The notorious Moody review (“The Moody Blues”) has now been collected with eleven other “writings on contemporary fiction” which Peck has written for The New Republic, The London Review of Books, and The Village Voice. The surprise of the book is that its outré title (to say nothing of its cover, a photograph of the brawny, bald Peck wielding an axe) does it a serious injustice. Whatever its rhetorical excesses (and there are many) and its cramped aesthetic vision, it is an extremely intelligent book, and clearly the work of a potentially noteworthy critic—although, to be sure, one working in the Aristophanic, rather than the Aristotelian, mode.

Hatchet Jobs is not, at first glance, the book that you’d have predicted Peck would end up writing, back when his career first began. In 1993 he published a much-acclaimed debut novel called Martin and John, which was really a collection of short stories connected by the conceit, which you learn toward the end (and sometimes suspect that Peck came up with at the end), that one of the characters has written them all. It was a clever book—the work of a young man, to be sure, but surprisingly sophisticated both emotionally and formally. (Although the stories are all about different people in different places and of different classes, the main characters are always named Martin and John, and secondary characters are always Bea and Henry.) Peck’s formal gamesmanship was evident again in his second novel, The Law of Enclosures, whose title derives, in part, from the way in which the first and second halves of his fiction (about a drearily unhappily married couple named Bea and Henry) enclose a starkly written autobiographical section in which Peck suggests the origins of certain themes and subjects that recur in his fiction: domestic alienation and violence, psychological cruelty, alcoholism, spousal abuse, child abuse, homosexuality, premature death.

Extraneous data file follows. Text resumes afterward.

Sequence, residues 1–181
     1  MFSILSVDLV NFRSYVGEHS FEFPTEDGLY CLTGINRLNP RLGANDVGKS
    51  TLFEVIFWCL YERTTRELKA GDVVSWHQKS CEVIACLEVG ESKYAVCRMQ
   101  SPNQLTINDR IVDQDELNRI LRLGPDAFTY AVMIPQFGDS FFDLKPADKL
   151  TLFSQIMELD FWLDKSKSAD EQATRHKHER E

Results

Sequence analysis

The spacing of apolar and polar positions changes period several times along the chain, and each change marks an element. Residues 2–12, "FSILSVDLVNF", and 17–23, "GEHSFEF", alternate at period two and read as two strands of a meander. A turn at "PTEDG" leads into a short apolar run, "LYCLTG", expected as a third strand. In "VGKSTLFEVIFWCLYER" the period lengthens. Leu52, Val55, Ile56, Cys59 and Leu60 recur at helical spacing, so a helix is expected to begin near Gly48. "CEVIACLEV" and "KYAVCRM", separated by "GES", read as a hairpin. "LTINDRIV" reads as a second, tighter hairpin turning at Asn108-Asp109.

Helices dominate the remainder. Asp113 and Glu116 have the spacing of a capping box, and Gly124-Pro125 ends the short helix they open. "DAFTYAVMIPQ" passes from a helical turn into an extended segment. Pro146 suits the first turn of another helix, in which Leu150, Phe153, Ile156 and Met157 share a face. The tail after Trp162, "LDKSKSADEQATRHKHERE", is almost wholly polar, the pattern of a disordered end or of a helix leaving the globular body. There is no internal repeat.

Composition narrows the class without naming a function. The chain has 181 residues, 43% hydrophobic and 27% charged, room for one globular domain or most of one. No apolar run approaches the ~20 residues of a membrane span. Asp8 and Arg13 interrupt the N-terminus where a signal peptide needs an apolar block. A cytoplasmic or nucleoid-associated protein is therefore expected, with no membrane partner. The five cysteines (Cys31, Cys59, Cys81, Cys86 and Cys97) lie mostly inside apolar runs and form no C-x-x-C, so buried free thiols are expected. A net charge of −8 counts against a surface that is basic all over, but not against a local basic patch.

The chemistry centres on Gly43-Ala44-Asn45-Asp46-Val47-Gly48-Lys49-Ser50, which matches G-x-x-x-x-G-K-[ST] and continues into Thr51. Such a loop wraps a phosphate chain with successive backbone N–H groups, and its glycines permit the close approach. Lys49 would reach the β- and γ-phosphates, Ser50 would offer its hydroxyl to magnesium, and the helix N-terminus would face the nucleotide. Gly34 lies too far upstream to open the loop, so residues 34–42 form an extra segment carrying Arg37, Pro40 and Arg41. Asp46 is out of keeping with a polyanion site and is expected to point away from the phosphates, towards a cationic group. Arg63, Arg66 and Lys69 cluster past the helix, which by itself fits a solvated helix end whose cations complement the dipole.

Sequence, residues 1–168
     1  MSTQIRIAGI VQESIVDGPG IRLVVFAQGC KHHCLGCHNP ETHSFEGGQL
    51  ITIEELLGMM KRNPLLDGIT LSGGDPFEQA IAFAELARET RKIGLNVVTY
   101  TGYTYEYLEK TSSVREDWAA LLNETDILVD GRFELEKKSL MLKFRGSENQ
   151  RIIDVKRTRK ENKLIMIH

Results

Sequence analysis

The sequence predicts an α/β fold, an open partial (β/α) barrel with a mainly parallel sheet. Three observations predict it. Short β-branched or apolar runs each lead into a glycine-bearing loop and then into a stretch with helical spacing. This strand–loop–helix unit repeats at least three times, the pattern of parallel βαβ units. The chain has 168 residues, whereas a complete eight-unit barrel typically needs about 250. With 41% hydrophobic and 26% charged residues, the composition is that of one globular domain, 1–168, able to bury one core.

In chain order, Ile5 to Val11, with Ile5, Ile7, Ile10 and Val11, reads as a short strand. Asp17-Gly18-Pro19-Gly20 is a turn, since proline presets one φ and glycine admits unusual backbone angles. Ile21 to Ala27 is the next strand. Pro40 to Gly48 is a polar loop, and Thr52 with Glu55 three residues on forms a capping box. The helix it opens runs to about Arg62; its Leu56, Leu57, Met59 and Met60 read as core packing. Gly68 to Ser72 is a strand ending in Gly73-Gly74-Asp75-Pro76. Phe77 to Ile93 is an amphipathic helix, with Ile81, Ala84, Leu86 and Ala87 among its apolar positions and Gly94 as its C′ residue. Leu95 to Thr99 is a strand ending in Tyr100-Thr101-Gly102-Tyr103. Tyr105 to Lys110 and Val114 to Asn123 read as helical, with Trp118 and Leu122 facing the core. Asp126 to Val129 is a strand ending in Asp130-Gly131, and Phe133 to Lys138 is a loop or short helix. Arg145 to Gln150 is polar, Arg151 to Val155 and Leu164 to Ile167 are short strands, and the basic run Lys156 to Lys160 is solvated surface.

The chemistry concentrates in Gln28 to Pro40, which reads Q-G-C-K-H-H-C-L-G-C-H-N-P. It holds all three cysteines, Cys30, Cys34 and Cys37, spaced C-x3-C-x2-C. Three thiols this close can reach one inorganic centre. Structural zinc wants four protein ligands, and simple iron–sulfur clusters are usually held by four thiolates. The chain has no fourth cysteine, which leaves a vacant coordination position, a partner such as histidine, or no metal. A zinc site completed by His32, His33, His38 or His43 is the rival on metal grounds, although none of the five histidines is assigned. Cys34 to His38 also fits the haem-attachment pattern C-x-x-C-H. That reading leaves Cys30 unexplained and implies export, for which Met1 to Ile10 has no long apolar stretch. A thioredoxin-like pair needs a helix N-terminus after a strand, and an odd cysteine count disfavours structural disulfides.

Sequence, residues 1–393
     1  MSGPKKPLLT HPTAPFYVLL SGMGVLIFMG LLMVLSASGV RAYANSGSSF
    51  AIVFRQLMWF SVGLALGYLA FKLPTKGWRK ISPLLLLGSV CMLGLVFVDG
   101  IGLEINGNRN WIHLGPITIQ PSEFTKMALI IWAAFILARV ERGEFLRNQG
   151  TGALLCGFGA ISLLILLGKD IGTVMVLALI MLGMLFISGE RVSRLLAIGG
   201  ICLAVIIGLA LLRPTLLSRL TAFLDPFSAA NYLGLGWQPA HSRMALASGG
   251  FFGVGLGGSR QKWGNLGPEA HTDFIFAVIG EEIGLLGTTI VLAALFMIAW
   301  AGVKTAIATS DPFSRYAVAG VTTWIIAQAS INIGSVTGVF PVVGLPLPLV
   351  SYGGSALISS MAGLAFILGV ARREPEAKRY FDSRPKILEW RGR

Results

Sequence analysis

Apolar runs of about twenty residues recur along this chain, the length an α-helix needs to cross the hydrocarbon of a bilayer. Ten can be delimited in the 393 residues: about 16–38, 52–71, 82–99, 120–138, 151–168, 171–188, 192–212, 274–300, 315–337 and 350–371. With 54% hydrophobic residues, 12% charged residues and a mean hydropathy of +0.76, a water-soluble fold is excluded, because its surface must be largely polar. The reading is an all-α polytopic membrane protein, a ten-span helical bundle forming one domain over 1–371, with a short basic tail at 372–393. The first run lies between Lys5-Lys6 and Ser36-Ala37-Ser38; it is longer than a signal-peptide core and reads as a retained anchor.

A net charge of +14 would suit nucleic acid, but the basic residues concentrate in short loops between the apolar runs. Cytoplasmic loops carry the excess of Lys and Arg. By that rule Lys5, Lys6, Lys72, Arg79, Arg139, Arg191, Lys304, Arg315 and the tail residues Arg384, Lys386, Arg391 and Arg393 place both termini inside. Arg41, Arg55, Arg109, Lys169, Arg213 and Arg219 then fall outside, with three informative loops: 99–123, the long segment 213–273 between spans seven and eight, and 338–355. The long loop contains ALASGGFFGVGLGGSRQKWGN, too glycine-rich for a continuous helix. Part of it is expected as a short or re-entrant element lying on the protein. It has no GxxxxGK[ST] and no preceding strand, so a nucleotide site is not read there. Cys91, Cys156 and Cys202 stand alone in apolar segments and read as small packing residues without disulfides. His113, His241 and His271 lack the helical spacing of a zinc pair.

As it turned out, The Law of Enclosures was a kind of road map for Peck’s subsequent career. His next book was another novel, Now It’s Time to Say Goodbye (1998), a sprawling affair about race and sexuality set in a rather suggestively named town (“Galatea”) in Kansas, the state where Peck grew up. It was a book whose cast of characters—an artist, an academic, a black hustler named Divine, an albino black man, a black preacher, and a white Southern belle—suggested tremendous allegorical ambitions. But after that it was as if the startling central section of The Law of Enclosures had exerted a kind of tug on its author, and Peck returned to nonfiction family memoir with What We Lost (2003), which focused on his father’s grim childhood, where once again alcoholism, child abuse, psychological abuse, and poverty were the subjects at hand. Dale Peck Sr. is, indeed, the figure who connects all of his son’s writing: a powerful, frightening, tormented, and punishing father is never very far away in both his fiction and his nonfiction—and, I suspect, his criticism as well.